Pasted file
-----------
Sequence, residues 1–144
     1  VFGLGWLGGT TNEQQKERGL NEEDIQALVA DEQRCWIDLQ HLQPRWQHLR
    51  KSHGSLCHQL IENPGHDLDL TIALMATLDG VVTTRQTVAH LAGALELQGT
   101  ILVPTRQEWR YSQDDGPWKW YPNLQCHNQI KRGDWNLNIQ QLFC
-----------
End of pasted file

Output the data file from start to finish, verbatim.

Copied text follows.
Sequence, residues 1–144
     1  VFGLGWLGGT TNEQQKERGL NEEDIQALVA DEQRCWIDLQ HLQPRWQHLR
    51  KSHGSLCHQL IENPGHDLDL TIALMATLDG VVTTRQTVAH LAGALELQGT
   101  ILVPTRQEWR YSQDDGPWKW YPNLQCHNQI KRGDWNLNIQ QLFC